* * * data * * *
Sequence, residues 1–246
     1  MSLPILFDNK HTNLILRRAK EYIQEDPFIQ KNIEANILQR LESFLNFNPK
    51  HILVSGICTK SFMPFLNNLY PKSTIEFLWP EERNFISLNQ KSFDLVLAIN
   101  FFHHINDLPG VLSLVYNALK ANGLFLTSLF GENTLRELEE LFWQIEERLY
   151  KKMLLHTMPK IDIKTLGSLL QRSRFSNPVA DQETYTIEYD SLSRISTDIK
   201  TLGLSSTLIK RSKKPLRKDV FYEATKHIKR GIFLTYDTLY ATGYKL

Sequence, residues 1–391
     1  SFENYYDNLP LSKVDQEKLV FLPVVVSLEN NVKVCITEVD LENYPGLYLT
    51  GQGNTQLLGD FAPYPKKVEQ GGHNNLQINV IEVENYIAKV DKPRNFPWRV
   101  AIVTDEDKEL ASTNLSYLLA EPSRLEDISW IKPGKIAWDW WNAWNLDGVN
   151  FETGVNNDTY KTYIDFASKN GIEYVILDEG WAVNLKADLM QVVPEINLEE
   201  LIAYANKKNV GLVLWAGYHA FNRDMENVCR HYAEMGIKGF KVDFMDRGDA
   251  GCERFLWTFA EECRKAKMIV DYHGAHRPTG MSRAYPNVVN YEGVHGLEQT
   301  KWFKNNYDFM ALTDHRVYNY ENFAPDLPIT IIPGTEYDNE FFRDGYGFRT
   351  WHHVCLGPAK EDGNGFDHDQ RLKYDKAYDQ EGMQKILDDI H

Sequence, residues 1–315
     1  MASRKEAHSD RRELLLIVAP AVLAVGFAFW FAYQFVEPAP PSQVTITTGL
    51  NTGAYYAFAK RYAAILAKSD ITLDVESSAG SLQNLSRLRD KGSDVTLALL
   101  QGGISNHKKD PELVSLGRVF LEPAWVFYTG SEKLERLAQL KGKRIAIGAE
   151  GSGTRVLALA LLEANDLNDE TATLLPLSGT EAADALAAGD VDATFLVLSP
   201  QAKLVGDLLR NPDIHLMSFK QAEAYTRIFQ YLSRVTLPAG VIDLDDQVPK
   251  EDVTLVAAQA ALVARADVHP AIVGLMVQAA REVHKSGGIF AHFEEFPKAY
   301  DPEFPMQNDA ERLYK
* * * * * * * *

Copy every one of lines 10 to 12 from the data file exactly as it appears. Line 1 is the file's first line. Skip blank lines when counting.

   101  AIVTDEDKEL ASTNLSYLLA EPSRLEDISW IKPGKIAWDW WNAWNLDGVN
   151  FETGVNNDTY KTYIDFASKN GIEYVILDEG WAVNLKADLM QVVPEINLEE
   201  LIAYANKKNV GLVLWAGYHA FNRDMENVCR HYAEMGIKGF KVDFMDRGDA